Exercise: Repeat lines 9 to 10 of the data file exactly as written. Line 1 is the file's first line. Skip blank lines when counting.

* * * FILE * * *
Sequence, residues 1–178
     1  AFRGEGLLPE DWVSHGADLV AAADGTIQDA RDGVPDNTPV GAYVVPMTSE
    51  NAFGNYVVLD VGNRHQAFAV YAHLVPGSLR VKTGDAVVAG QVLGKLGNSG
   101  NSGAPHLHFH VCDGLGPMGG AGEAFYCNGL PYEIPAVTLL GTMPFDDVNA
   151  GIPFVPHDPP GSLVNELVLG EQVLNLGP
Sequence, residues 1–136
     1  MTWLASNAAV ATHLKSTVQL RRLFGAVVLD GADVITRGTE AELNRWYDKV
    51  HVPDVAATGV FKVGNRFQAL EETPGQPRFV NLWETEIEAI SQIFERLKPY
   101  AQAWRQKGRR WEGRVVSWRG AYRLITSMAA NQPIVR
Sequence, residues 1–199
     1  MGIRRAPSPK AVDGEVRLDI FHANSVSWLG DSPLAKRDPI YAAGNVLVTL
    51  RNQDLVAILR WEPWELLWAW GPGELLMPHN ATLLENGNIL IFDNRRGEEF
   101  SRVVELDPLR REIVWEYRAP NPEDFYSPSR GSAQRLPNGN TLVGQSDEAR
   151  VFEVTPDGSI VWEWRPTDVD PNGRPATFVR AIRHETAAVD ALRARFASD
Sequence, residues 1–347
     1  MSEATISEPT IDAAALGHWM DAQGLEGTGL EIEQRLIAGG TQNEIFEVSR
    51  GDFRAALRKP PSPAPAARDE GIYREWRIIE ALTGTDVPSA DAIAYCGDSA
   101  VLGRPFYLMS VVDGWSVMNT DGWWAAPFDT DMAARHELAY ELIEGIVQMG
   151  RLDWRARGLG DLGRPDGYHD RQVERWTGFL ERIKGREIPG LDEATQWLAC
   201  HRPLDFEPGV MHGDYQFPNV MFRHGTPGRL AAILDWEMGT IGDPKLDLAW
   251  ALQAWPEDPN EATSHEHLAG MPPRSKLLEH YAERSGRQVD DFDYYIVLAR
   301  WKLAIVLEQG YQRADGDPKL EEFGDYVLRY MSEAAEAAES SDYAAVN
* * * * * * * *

   101  AQAWRQKGRR WEGRVVSWRG AYRLITSMAA NQPIVR
Sequence, residues 1–199